Opioids are prescribed in more than 50 percent of emergency department migraine visits, according to the American Headache Society (AHS).
University of Texas researchers studied migraine patients who visited the emergency department.
The researchers accessed the electronic medical record data of 788 enrollees in the Baylor Scott & White Health Plan and compared past opioid use, past preventive medication use, demographics, past health resource utilization, and comorbidities. Researchers also compared the timeframe to the next migraine-related emergency visit between those who used opioids and those who did not.
Opioid users were more likely to have future emergency visits than nonopioid users. Other factors that contributed to future emergency visits include hypertension, tobacco use disorder, gender, and age.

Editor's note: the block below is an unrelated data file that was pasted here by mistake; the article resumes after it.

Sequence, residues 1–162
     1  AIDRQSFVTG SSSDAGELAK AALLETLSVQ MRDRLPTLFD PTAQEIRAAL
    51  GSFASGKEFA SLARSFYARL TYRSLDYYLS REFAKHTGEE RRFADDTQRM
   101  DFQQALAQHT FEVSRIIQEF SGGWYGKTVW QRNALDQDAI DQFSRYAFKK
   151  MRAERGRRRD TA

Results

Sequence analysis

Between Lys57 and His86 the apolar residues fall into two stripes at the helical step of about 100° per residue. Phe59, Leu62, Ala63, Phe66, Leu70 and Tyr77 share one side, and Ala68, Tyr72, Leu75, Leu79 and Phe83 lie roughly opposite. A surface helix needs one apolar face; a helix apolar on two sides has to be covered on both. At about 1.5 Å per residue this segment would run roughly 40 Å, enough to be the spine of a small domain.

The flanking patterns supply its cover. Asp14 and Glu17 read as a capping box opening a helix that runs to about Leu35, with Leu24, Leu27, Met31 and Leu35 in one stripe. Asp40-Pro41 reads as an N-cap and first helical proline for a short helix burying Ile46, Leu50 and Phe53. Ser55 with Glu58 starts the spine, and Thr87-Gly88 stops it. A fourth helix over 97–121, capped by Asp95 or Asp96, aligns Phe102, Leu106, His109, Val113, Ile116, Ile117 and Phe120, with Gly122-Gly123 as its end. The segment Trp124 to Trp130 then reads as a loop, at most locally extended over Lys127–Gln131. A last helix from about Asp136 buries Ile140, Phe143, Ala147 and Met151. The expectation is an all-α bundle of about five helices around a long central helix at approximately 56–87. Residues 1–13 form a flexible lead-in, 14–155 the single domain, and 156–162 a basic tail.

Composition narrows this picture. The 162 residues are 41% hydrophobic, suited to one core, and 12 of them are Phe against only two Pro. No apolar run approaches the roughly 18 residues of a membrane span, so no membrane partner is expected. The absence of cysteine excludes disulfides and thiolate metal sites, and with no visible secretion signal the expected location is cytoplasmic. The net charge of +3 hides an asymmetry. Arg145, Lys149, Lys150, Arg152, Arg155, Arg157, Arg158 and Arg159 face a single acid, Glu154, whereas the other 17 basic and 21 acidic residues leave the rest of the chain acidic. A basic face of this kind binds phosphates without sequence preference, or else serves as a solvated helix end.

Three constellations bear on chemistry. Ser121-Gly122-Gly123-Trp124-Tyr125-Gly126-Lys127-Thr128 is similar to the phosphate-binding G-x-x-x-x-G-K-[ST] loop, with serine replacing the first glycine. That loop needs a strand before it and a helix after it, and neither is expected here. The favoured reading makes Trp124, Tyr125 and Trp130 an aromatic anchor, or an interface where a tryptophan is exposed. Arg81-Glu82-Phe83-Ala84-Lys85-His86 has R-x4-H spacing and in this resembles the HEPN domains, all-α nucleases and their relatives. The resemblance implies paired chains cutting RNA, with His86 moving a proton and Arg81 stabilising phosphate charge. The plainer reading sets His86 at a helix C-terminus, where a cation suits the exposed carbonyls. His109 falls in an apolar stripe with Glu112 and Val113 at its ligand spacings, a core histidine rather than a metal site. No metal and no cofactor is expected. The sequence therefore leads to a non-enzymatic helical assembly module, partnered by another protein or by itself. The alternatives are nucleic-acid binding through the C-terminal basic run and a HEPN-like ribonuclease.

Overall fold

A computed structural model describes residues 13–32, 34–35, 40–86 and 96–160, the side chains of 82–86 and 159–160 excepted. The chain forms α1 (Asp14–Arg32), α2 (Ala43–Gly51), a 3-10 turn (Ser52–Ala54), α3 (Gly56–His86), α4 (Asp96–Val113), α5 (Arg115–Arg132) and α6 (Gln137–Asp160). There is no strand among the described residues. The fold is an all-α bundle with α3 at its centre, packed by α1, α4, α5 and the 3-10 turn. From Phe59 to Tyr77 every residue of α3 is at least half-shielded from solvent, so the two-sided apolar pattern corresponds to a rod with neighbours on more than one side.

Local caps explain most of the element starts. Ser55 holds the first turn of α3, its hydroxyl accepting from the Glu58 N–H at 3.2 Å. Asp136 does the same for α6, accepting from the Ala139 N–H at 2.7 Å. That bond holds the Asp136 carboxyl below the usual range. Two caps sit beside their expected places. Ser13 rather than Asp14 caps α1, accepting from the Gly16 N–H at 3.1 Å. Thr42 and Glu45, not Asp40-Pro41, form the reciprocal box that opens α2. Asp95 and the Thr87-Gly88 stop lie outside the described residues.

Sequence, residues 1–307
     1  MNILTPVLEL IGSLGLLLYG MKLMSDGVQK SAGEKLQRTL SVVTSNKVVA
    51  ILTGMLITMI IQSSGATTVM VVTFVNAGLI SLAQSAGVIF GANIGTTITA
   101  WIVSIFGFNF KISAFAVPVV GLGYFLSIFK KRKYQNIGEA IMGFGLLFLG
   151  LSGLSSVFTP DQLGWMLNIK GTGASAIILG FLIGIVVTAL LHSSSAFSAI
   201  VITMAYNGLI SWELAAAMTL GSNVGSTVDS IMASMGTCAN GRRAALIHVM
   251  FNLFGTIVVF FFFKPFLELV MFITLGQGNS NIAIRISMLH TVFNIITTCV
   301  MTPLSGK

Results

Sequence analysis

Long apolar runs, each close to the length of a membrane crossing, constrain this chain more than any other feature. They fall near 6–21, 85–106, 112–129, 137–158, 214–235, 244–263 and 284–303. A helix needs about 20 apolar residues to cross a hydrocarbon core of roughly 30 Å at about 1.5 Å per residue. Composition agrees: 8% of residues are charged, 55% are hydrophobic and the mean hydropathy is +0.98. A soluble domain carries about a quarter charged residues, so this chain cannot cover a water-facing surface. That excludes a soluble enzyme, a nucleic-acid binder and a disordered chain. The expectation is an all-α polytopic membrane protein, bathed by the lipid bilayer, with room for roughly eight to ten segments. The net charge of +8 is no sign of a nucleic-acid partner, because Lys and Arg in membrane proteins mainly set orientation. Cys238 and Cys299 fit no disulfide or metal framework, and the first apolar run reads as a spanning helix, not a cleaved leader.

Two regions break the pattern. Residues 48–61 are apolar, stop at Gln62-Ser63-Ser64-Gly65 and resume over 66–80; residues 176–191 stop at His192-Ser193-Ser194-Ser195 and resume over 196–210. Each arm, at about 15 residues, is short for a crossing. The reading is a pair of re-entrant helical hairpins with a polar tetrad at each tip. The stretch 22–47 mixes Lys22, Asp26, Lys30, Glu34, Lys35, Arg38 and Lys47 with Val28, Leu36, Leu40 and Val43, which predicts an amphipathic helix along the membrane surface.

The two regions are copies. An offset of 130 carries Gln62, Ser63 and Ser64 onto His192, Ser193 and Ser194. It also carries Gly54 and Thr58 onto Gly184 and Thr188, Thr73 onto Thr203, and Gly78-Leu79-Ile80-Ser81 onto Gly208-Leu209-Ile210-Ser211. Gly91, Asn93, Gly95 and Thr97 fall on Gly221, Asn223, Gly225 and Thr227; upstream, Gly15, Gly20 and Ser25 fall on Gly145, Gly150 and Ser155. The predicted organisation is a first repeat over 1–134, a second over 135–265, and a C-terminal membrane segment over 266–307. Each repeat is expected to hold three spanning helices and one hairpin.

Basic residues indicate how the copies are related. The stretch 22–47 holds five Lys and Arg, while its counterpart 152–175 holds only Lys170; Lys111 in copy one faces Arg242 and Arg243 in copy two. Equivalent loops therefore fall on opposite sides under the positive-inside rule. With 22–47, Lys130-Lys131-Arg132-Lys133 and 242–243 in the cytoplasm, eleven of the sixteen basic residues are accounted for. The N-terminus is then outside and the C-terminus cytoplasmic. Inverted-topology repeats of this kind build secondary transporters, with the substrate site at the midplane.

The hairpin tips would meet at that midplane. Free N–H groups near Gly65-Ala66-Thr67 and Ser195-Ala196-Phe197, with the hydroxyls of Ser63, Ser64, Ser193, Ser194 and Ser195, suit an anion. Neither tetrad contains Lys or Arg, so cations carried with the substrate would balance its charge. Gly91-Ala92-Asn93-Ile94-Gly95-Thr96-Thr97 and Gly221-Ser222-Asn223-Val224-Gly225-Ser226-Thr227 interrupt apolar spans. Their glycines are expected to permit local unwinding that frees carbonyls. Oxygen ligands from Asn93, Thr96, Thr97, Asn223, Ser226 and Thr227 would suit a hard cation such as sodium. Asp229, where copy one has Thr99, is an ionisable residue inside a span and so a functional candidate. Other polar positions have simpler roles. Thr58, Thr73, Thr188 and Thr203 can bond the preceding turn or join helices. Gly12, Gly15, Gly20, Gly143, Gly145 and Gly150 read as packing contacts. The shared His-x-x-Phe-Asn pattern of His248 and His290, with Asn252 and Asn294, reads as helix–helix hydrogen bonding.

“For many patients, overuse of opioids can trigger the transition from episodic migraine to chronic migraine,” AHS said. “It is crucial to ensure that both simple analgesics and triptans are contraindicated before considering prescribing an opioid medication. These acute medications treat the source of the pain, not just the pain itself, and are less likely to induce migraine progression.”
The opioid users were also more like to be diagnosed with anxiety or a sleep disorder, be hospitalized and have a significantly higher hazard ratio for future migraine-related emergency visits.